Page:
28.The applicant states that there was no public participation that was conducted by the respondent. It is argued by the respondent that public participation that was conducted by the respondent on 9th December 2020 and a list of names with accompanying signatures was produced in evidence through the replying affidavit. I have perused the minutes and the list of participants. The name of the applicant is missing from the list. The respondent says that one Benson to represented the ex parte applicant in the meeting. However, no letter of authority for the said Benson represent the ex parte applicant in the meeting was produced by the respondent. The respondent produced no evidence of invitation to the meeting addressed to the ex parte applicant or even to the other participants.
29.In the case of Minister of Health vs New Clicks South Africa (PTY) Ltd & Others (2006) 2 SA 311 it was held:-The forms of facilitating an appropriate degree of participation in the law making process are indeed capable of infinite variation. What matters is that at the end of the day a reasonable opportunity is offered to members of the public and all interested parties to know about the issue and to have an adequate say. What amounts to a reasonable opportunity will depend on the circumstances of each case.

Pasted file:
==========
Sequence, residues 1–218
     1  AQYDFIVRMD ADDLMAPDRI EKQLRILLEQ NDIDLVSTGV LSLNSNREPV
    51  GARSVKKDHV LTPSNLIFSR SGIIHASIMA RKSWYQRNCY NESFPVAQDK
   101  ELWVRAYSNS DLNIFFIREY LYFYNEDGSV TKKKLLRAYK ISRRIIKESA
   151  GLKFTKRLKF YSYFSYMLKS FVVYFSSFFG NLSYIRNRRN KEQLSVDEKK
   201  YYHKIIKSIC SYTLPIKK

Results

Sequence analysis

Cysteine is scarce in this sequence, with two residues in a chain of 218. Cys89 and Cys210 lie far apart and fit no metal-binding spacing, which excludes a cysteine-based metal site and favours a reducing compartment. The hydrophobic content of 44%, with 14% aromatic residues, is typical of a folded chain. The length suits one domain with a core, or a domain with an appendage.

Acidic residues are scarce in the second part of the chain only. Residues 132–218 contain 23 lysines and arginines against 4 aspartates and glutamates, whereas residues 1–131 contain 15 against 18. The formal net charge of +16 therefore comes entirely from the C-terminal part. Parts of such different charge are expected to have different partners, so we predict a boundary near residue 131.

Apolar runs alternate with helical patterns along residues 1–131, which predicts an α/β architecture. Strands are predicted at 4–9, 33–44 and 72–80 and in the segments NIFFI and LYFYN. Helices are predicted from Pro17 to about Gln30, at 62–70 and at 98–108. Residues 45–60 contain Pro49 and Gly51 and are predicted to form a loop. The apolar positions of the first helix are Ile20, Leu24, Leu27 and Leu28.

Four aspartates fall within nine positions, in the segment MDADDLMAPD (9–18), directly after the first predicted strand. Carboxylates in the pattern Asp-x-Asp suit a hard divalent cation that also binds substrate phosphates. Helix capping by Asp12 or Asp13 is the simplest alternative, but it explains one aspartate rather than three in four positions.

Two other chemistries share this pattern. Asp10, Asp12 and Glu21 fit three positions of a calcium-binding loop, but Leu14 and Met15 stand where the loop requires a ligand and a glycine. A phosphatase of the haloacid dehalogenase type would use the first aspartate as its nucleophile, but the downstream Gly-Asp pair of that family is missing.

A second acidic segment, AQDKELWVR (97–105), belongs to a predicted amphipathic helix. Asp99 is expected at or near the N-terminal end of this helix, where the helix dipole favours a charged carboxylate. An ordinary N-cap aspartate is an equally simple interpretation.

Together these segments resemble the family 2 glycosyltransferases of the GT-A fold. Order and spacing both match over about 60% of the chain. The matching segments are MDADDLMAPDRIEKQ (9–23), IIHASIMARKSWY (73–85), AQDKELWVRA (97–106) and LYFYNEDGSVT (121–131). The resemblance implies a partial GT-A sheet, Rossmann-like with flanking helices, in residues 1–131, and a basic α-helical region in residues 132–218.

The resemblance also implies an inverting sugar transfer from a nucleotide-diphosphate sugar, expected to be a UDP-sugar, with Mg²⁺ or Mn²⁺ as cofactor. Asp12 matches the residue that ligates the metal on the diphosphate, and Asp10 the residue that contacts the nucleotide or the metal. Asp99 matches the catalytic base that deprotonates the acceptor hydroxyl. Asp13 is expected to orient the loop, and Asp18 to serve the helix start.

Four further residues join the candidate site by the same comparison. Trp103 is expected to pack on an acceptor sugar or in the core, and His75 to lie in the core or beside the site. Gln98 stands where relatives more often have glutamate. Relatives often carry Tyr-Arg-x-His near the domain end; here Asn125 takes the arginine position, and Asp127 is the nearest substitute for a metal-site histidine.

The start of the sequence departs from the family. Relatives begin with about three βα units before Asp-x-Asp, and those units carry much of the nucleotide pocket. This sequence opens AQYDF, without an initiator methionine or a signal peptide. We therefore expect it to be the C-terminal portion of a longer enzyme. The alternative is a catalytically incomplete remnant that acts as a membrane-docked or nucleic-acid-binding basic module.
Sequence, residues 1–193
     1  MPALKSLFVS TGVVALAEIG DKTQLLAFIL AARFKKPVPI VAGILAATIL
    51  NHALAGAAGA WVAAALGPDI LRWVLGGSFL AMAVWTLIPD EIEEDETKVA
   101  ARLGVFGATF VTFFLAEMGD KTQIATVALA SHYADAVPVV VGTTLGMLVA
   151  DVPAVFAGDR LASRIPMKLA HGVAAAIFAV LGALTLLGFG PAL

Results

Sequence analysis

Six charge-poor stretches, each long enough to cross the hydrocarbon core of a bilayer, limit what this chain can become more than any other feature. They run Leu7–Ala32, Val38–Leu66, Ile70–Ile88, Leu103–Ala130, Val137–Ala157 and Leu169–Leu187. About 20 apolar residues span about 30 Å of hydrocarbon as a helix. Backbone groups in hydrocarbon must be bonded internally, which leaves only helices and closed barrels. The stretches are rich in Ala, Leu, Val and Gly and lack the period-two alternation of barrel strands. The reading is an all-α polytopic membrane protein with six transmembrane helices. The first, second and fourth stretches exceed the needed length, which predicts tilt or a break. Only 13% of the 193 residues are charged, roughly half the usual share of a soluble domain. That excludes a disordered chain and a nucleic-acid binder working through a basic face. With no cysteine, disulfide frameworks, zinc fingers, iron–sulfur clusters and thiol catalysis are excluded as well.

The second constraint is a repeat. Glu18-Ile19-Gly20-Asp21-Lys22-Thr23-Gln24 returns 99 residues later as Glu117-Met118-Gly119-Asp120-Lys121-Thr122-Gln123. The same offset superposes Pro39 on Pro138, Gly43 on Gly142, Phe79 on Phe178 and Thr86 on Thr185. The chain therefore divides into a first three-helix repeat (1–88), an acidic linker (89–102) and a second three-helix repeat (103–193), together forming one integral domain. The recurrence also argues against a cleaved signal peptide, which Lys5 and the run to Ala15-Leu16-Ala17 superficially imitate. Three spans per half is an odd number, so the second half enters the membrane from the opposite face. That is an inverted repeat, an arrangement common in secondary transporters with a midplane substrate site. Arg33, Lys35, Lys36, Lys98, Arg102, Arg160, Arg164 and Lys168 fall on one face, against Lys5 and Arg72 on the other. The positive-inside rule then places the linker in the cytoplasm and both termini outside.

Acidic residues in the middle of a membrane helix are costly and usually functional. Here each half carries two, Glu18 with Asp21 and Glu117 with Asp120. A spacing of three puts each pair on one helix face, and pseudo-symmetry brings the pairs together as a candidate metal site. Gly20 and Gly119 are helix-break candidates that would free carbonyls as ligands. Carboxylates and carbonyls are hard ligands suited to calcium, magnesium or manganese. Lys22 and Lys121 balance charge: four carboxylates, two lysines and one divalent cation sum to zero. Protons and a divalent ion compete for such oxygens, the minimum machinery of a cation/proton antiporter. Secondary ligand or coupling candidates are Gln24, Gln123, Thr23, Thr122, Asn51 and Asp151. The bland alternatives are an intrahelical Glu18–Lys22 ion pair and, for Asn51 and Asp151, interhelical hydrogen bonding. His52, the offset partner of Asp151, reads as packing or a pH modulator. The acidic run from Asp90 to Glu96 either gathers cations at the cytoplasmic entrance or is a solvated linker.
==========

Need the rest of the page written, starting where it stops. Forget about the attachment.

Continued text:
31.The ex parte applicant has established that she was not accorded an opportunity to be heard and that public participation did not meet the standards established by the law. As such, the decision to revoke the business licence of the ex parte applicant was tainted with illegality, it was unlawful and unprocedural. By not granting the applicant an opportunity to be heard, the respondent violated the rules of natural justice. The Court of Appeal in Kenya National Examinations Council vs Republic ex parte Geoffrey Gathenji Njoroge (1997) eKLR court stated:-Only an order of certiorari can quash a decision already made and an order of certiorari will issue if the decision is without jurisdiction or in excess of jurisdiction or where the rules of natural justice are not complied with or for such like reasons.